Here is the poem I used today in the sermon, plus a few thoughts/after-thoughts regarding it.
The river is famous to the fish.
The loud voice is famous to the silence, which knew it would inherit the earth before anybody said so.
The cat sleeping on the fence is famous to the birds watching him from the birdhouse.
The tear is famous, briefly, to the cheek.
The idea you carry close to your bosom is famous to your bosom.
The boot is famous to the earth, more famous than the dress shoe, which is famous only to floors.
The bent photograph is famous to the one who carries it and not at all famous to the one who is pictured.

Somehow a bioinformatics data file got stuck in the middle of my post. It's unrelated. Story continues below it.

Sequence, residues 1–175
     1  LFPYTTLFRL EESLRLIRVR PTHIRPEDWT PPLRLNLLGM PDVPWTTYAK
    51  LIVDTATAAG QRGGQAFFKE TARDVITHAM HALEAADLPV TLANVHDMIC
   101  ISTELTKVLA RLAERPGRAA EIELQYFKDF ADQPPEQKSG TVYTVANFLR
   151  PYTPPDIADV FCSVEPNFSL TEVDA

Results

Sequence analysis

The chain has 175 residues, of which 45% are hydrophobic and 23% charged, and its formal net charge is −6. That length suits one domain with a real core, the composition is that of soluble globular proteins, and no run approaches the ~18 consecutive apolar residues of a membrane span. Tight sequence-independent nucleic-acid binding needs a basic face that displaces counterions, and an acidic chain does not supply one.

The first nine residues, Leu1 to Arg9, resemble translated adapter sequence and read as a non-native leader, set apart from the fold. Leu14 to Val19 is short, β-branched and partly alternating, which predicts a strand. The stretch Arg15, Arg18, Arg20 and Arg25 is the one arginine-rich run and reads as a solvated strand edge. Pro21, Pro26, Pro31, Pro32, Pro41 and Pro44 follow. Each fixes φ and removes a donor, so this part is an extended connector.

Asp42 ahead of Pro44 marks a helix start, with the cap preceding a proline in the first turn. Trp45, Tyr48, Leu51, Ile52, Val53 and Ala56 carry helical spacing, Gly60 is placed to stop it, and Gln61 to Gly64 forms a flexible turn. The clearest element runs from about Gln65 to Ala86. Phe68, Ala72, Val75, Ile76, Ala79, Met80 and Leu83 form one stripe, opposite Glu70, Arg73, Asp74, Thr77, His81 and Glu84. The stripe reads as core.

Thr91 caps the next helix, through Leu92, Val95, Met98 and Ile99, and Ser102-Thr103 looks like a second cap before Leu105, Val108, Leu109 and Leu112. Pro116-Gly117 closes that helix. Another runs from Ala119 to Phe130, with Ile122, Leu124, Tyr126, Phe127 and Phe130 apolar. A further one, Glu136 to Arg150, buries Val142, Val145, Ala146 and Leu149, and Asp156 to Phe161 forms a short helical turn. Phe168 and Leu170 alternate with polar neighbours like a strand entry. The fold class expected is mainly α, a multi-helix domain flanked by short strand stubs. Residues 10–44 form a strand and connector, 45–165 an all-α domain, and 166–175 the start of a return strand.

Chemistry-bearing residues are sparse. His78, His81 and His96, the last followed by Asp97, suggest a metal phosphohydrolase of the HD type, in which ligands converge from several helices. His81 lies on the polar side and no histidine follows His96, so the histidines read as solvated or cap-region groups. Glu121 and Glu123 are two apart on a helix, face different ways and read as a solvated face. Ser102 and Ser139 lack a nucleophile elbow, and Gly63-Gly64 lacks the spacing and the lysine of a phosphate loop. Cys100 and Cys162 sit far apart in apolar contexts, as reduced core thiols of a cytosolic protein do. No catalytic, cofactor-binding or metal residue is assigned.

I want to be famous to shuffling men who smile while crossing the streets, sticky children in grocery lines, famous as the one who smiled back.
I want to be famous in the way a pulley is famous, or a buttonhole, not because it did anything spectacular, but because it never forgot what it could do.
--“Famous” from Words Under the Words: Selected Poems
(Portland, Oregon: Far Corner Books, 1995) by Naomi Shihab Nye..
"Famous" is not a word used very often to describe Christian service. In fact, I would never use it, except in the sense the poem suggests. The author is not writing about the Christian life, but it instructs my thoughts about humility and what is important about serving others.
The fame to shy away from is a notoriety that elevates self. The emphasis is self-serving and the giver is elevated instead of the author of all good gifts. What is described in the poem is the value of doing what one can, as one can, for another. In Christian service we do what we can, as we can, on behalf of others, for the Glory of God.
Still in one peace, Stephen